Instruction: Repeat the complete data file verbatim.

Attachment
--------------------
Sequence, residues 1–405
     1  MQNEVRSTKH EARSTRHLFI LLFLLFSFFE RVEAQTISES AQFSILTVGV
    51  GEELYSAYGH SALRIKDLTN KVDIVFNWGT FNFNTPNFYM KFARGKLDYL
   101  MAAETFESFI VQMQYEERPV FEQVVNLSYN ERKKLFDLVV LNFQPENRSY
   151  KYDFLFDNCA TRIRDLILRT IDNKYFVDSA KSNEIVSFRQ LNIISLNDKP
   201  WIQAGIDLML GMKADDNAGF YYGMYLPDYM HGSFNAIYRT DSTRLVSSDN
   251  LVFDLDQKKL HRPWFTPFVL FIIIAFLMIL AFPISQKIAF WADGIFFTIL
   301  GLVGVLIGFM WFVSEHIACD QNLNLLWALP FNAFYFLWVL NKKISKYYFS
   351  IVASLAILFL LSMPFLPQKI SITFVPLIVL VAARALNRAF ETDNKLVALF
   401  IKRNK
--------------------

Sequence, residues 1–405
     1  MQNEVRSTKH EARSTRHLFI LLFLLFSFFE RVEAQTISES AQFSILTVGV
    51  GEELYSAYGH SALRIKDLTN KVDIVFNWGT FNFNTPNFYM KFARGKLDYL
   101  MAAETFESFI VQMQYEERPV FEQVVNLSYN ERKKLFDLVV LNFQPENRSY
   151  KYDFLFDNCA TRIRDLILRT IDNKYFVDSA KSNEIVSFRQ LNIISLNDKP
   201  WIQAGIDLML GMKADDNAGF YYGMYLPDYM HGSFNAIYRT DSTRLVSSDN
   251  LVFDLDQKKL HRPWFTPFVL FIIIAFLMIL AFPISQKIAF WADGIFFTIL
   301  GLVGVLIGFM WFVSEHIACD QNLNLLWALP FNAFYFLWVL NKKISKYYFS
   351  IVASLAILFL LSMPFLPQKI SITFVPLIVL VAARALNRAF ETDNKLVALF
   401  IKRNK